Results of the J=1-0 HCN observations toward 34 bright far-infraredsources selected from the IRAS Point Source Catalog are reported.Together with 17 sources observed in this line earlier (Pirogov et al.,1996) they form a complete sample of the sources with flux densitiesS(100 mu m)>500 Jy and delta > 0degr in the outer Galaxy. The HCNdata are compared with the HCO(+) , NH_3, CS and CO data taken fromliterature. Prominent correlations with nearly similar slopes of ~ 1 arerevealed between line integrated intensities of the molecules known tobe high density tracers (HCN, HCO(+) , NH_3 and CS). The correlationsbecome higher after adding the data for dark clouds, small globules andcirrus cores implying similar excitation and formation mechanisms of theconsidered molecules. Collisional excitation in regions with differentdensities as well as different molecular abundances and velocitydispersions in different types of cores seem to be important inproducing these correlations. The following relations hold on theaverage over ~ 3 orders of magnitude of integrated intensities:I(HCN)>~ I(HCO(+) ~ ) I(CS) > I(NH_3) where ammonia integratedintensities are several times lower than HCN ones. Correlations are alsofound between HCN and CO integrated intensities for the sample sourcesas well as between HCN line widths and those of other species. The HCNlines have the same widths as the HCO(+) ones and are larger than CS andespecially NH_3 line widths. Weak correlations are found between HCNline widths and luminosities of IRAS sources as well as between HCNintegrated intensities, IRAS flux densities at 100mu m and luminositiesof IRAS sources divided by distance squared. The sources with mostintense HCN lines have associated water masers and molecular outflowswhile the lack of associated maser and outflow implies weak or no HCNemission. In order to reproduce the anomalies of the J=1-0 HCN hyperfinestructure (R12 < 0.6) detected in several sources togetherwith suprathermal line widths the model calculations are performed. Twomodels have been considered: a microturbulent one with a smooth densitydistribution and a clumpy model. It is found that in the parameter spaceexplored a clumpy model is preferable in comparison with amicroturbulent one due to the absence of self-reversals on calculatedprofiles and the possibility of reproducing HCN profile anomalies andsuprathermal line widths. Detailed clumpy model simulations have beenperformed to fit the observed HCN and H(13) CN spectra toward S140 IRS1.The best fit model parameters are calculated, including radialdependencies of clump density and volume filling factor.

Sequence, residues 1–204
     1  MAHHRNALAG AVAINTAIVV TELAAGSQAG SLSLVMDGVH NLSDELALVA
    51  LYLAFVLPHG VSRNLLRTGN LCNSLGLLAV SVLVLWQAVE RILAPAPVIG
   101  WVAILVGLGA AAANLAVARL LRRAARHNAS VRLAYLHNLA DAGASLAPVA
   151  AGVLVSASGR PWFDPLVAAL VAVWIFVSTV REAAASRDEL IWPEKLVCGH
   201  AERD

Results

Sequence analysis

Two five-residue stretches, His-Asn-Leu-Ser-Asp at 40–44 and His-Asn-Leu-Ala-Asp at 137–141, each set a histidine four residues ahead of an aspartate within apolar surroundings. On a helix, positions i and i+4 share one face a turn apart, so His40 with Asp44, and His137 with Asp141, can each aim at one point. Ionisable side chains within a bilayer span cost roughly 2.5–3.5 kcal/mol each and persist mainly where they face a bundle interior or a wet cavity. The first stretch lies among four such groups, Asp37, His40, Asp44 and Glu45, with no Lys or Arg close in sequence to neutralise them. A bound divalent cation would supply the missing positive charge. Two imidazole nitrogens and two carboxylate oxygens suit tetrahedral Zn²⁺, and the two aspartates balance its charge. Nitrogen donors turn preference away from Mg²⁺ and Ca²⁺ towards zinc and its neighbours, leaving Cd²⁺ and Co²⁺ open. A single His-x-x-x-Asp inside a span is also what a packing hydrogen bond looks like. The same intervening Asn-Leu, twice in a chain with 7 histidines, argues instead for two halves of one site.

^3He in the Milky Way Interstellar Medium: Abundance Determinations
We are making precise determinations of the abundance of the lightisotope of helium, ^3He. The ^3He abundance in Milky Way sourcesprovides strong constraints for theories of stellar evolution, chemicalevolution, and cosmology. Here we report on new ^3He^+/H^+ abundancedeterminations for a sample of 21 Galactic H II regions observed for thepast 14 yr with the NRAO 140 Foot telescope. The abundances are based onimproved ^3He^+ observations, as well as new models for source densitystructure. The models are constrained by the observed ^3He^+ emission,the strength of the H and ^4He recombination lines, and the continuumemission at 3.5 cm wavelength. Density structure serves only to increasethe actual ^3He^+/H^+ abundance ratio over that derived using a uniformdensity sphere assumption. The density structure models allow one toidentify sources that are ``simple'' in that their structure correctionsare negligible. These objects provide a pool of H II regions that can inprinciple yield accurate ^3He^+/H^+ abundances. For the seven simple HII regions in our sample there is no evidence for any systematic trendof the ^3He^+/H^+ abundance with any other parameter. For these sources,we derive an average abundance ratio by number of^3He^+/H^+=(1.6+/-0.5)x10^-5 (statistical error).

A Finding List of Faint UV-bright Stars in the Galactic Plane. IV.
One hundred fifty-five UV-bright stars have been identified on threetwo-color 48 inch (1.2 m) Oschin Schmidt plates as part of thecontinuing examination of Sandage survey plates centered on the Galacticplane. The three 6.6dx6.6d field plates examined were centered atGalactic longitude (l) and latitude (b) coordinates of (123, -6), (141,0), and (148, 0), respectively. The sources identified range in U-Bcolor from near U-B~-0.1 to U-B~-1.2, and in magnitude from m_B~10 to~20. Some potentially interesting sources are discussed, and findingcharts are provided for all UV sources listed. Correlations withpreviously identified objects in the literature are also provided.